Navajo Nation lawmakers debate position on hydraulic fracking

A Navajo Nation Oil and Gas Company operation in Montezuma, Utah. Photo from Dooda Fracking / Facebook

The Navajo Nation might be taking a stand against fracking.

The Navajo Nation Council is debating legislation that would establish the tribe's opposition to hydraulic fracturing. Lawmakers expressed concerns about impacts of the controversial energy-processing technique at a meeting on Monday.

“During the Naabik’íyáti’ Committee meeting last week, we received a report from consultants from the Navajo Nation Oil and Gas Company who provided information regarding the benefits of fracturing, however, they failed to report adverse effects of this evasive method on the land,” said Delegate Jonathan Hale, according to a press release.

The Navajo Nation Council's Health, Education, and Human Services Committee approved the bill, which still must be considered by the Resources and Development Committee. But Hale noted that Legislation No. 0121-16 will not outlaw fracking on the reservation.

According to the press release, Delegate Nelson S. BeGaye suggested putting a moratorium on fracking in the bill while the impacts are examined. But Hale said his primary goal was to start a discussion on the practice.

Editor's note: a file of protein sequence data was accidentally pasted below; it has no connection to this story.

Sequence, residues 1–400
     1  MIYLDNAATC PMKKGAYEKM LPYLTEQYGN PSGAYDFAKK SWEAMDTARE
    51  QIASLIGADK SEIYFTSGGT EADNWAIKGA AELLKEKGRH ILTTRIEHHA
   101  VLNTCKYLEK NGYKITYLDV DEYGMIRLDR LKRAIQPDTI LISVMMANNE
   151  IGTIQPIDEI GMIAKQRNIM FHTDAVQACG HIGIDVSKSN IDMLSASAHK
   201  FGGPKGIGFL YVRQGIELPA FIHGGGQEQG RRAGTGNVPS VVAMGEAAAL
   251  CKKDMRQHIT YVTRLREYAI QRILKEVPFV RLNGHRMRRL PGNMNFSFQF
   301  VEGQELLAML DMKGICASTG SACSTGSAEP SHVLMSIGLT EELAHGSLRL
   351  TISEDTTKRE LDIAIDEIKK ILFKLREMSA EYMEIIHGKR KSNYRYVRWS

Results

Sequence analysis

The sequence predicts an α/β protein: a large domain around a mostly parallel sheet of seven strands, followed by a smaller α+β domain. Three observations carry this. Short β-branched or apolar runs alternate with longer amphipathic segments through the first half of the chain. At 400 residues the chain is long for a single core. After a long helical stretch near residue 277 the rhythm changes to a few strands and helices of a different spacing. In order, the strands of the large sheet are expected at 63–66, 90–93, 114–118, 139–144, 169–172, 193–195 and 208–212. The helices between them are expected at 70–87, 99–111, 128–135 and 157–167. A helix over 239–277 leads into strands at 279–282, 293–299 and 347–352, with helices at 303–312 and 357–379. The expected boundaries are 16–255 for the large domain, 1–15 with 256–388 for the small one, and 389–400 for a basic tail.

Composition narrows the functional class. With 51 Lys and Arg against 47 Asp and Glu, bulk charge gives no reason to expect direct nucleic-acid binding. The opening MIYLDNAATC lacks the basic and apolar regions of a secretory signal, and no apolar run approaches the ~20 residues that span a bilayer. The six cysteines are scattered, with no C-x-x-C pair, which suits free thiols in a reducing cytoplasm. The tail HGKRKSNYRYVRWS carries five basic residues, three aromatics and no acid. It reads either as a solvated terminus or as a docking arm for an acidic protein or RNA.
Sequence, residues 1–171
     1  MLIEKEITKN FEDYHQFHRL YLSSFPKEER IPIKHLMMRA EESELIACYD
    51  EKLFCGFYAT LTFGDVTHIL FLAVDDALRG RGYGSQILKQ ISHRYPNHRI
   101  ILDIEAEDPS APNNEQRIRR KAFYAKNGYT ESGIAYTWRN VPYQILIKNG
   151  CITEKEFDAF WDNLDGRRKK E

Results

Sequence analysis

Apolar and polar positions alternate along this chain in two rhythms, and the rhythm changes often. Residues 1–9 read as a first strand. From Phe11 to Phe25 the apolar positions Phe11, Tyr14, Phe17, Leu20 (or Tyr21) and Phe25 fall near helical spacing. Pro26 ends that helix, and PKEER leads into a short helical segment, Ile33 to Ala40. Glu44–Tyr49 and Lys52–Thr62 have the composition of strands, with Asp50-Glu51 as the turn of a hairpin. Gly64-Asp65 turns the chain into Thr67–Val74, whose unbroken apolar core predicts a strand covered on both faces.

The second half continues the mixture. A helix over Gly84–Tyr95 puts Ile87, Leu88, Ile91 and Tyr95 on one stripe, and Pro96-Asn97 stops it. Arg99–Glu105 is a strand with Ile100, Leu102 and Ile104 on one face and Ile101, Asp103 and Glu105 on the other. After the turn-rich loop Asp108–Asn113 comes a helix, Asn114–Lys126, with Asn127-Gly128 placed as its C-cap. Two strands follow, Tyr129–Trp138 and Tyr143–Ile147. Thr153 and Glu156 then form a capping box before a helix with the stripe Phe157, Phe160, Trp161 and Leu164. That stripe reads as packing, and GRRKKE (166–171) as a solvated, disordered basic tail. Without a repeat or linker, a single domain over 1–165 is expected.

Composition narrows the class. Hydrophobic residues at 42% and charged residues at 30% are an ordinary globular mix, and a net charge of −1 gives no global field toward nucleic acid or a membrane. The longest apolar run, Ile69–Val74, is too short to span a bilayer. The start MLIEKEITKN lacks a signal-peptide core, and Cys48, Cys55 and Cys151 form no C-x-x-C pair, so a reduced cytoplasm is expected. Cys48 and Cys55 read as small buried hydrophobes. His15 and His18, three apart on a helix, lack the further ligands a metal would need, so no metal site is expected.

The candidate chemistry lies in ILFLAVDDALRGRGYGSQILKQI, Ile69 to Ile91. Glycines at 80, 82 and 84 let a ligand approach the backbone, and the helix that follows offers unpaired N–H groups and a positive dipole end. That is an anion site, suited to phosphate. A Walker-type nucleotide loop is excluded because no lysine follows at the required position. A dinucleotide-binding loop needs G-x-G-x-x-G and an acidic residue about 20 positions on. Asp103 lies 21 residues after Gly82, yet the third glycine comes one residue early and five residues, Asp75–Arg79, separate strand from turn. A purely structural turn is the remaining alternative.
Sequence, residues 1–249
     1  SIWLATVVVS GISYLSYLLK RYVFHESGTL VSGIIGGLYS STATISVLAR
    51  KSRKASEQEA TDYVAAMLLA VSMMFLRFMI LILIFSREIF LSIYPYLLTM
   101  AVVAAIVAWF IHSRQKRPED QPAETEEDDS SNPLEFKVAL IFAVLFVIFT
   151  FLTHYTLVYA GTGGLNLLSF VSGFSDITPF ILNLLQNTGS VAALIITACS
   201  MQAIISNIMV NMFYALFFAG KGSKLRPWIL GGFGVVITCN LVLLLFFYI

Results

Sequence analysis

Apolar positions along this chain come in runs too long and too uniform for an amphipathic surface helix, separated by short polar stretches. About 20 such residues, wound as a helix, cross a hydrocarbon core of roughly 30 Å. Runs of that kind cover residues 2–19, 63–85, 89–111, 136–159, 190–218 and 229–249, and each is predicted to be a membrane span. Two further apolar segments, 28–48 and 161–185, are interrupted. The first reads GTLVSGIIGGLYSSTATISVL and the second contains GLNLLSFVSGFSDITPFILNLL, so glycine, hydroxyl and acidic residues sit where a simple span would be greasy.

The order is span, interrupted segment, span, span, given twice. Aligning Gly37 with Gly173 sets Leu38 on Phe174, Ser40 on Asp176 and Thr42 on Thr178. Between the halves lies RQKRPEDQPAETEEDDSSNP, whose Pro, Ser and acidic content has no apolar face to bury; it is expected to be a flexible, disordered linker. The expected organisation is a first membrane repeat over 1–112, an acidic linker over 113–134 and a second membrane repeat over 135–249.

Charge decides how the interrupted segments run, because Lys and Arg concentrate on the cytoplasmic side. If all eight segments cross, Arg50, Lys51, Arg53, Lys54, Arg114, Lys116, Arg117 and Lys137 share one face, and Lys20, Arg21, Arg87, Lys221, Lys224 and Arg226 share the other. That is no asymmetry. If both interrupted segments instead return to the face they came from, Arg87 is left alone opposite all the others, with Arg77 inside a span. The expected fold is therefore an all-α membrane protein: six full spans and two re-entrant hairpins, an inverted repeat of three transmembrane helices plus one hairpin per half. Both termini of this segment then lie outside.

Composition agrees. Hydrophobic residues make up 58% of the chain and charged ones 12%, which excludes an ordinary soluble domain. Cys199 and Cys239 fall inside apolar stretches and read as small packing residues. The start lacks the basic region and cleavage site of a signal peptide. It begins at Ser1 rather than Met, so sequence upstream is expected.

“The verbiage was put out there, but I wanted to see who would come out of the woodwork and support this. We are the lawmakers and we have to talk about this issue openly,” Hale said. “We also have to consult our medicine people to get their views on this issue – it is a community concern.”

Tribal citizen groups like Dooda Fracking and Dine Citizens Against Ruining Our Environment oppose fracking on the reservation. They say it wastes scarce water resources, exposes the environment to pollution and contributes to high rates of violence against women and girls.

Some tribes, like the Turtle Mountain Band of Chippewa Indians and the Eastern Band of Cherokee Indians, have already taken a stand against fracking. But others, like the Ute Tribe and the Southern Ute Tribe, have asserted their right to use the technique on their lands.

Both of those tribes, along with the Coalition of Large Tribes -- a group to which the Navajo Nation belongs and for which President Russell Begaye serves as vice president -- are opposing a Bureau of Land Management rule that imposes fracking standards in Indian Country.

The Navajo Nation is the largest reservation in the U.S. in terms of acreage so a position against fracking, or a moratorium on the practice, would represent a significant decision.

Federal Register Notice:
Oil and Gas; Hydraulic Fracturing on Federal and Indian Lands (March 26, 2015)

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